Postby jocelyne » Fri Dec 11, 2009 3:52 am

what about emanuel outlines? should we get those?

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Genki
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Re: Books to read before Fall (distraction from the waiting)

Postby Genki » Fri Dec 11, 2009 4:27 am

kalvano wrote:
Genki wrote:
kalvano wrote:
Genki wrote:The Gunslinger by Stephen King



One of my favorite books...you realize it spans 6 other Dark Tower books and about 10 other tie-ins in the Stephen King universe, though?


Yeah, I've been meaning to get around to reading them for quite a while. I actually own the first 5 books. They've just been sitting on my book shelf for the last year or so. Now that I've finally graduated, I have a little time to actually read something that isn't a text book or a scholarly journal.



It's fantastic.


If you want to get fully in to it, you ought to read some of his other books first.

Definitely Salem's Lot. I don't want to give anything away, but you'll want to read this one.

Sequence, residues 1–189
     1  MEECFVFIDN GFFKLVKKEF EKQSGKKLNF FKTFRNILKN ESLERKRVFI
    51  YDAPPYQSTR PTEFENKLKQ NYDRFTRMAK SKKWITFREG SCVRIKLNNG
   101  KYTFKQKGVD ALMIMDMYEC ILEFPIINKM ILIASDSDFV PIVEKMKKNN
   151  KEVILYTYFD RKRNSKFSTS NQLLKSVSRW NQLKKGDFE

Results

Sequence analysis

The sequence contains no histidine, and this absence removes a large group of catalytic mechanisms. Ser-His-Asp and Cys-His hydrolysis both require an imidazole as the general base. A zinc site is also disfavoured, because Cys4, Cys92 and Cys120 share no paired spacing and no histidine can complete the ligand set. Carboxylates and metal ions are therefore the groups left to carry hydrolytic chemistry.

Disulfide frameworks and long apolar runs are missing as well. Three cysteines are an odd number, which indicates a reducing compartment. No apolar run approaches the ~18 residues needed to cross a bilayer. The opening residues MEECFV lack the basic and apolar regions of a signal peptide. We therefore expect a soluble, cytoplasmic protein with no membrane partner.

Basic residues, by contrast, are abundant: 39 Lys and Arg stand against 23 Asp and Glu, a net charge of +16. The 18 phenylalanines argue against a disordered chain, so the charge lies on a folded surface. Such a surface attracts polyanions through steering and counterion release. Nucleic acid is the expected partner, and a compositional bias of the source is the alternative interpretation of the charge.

You will also want to read The Talisman and Black House.

You'll also want to check out Hearts in Atlantis and from his collection Everything's Eventual, read Everything's Eventual and The Little Sisters of Eluria.

They all directly tie in to the series, overlapping characters and everything.

So does The Stand, but that alone adds another 1200 pages of reading. Well worth it, though.


Sounds like my list of books to read before law school just got a lot longer.

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Matthies
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Re: Books to read before Fall (distraction from the waiting)

Postby Matthies » Fri Dec 11, 2009 11:27 am

SeymourShowz wrote:
sfdreaming09 wrote:I've been out of school for a couple of years and my writing skills have probably gotten a bit rusty. Does anyone know of a good introductory book on legal writing?